As in, why business reporters didn't recognize that a financial meltdown was fast approaching? Actually, there were lots of reasons, according to Martha Hamilton, a former Wash Post editor and columnist, ranging from the reluctance of editors to run speculative sky-is-falling stories to the fact that many a business journalist got carried away with his or her own real estate opportunities and consciously or subconsciously didn't want the good times to end. (I realize this sounds dumb and irresponsible, but as a group business journalists aren't known for sticking their necks out.) As Hamilton points out in the January/February issue of CJR,, there were some warning signals sounded by the NYT's Floyd Norris, the Wash Post's Steven Pearlstein and Fortune's Allan Sloan, among others. But no one was really paying attention - too much groupthink in too many newsrooms - and besides, "it would have taken a miracle for business journalists to have foreseen the current crisis in its magnitude and depth," writes Hamilton. The end of Bear Stearns, Lehman, Countrywide and Merrill - how do you even fathom such a scenario? Not only were reporters unfamiliar with the mind-numbing financial instruments being used, but there was little way to identify smoking guns. And, of course, none of the players were willing to provide any tutorials. From Hamilton:
Still, I wish I had gone further and considered other options. I wish I had walked downstairs to where the Real Estate section was segregated from the rest of the business staff to find out more about the connection between the subprime loans they were writing about and these new types of securities. I wish I had learned back then, instead of in the course of writing this story, that the market for asset-backed securities, loans secured by mortgages or other debt, had grown by 45 percent the previous year, mostly because of loans backed by housing, and had surpassed the market for corporate debt for the first time in history. And I wish I had suggested a meeting of the real-estate staff, the reporters who covered the economy, and those who covered regulatory agencies, markets, and banks to explore the connections.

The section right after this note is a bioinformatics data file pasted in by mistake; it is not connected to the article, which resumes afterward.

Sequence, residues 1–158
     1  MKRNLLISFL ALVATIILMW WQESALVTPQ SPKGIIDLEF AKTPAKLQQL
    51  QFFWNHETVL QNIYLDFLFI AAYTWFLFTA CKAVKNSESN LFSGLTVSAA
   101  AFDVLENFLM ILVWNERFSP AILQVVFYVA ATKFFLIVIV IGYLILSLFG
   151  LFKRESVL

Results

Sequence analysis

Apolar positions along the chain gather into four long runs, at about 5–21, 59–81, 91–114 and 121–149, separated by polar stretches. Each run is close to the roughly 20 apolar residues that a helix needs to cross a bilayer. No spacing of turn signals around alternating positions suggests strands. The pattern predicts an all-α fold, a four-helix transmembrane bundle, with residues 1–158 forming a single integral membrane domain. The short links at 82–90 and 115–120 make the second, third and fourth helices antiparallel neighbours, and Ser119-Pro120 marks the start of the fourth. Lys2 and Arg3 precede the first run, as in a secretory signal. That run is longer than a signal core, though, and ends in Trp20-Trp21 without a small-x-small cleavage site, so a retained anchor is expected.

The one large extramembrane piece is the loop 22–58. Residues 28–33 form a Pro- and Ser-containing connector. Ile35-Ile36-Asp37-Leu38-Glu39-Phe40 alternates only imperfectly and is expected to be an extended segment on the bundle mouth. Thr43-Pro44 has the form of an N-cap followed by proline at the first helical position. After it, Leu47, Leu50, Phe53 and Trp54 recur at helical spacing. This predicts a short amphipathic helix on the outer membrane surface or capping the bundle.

[Norris] wishes he had done more. “I did not take the time to understand the intricacies of collateralized debt obligations,” he says. “What I should have known, and didn’t, was that this amounted to financial alchemy to turn risky assets into risk-free assets, or at least to mostly fund risky assets with risk-free assets.” Norris says that he assumed that the rating agencies were correctly assessing risk, and also that he didn’t understand the extent of fraud going on in mortgage lending, with appraisers being paid to come in with higher assessments. “I would have studied [collateralized debt obligations] and collateralized mortgage obligations] and all those things much earlier than I did, and I would have understood them.” One other point he makes: “I think we were all a little too willing to assume Alan Greenspan knew what he was talking about. It seems pretty clear to me now that Greenspan worshipped free markets but didn’t understand them.”
*Tim Ferguson, editor of Forbes Asia, offers some additional factors: 1) fatigue with the permabears, goldbugs, etc. who have predicted calamity for decades; 2) undue/ignorant trust in the financial technologies that were making risk "manageable"; 3) lack of personal exposure—I don’t think most journalists, being these days sober souls, were in the subprime mkt or had much connection to people who were.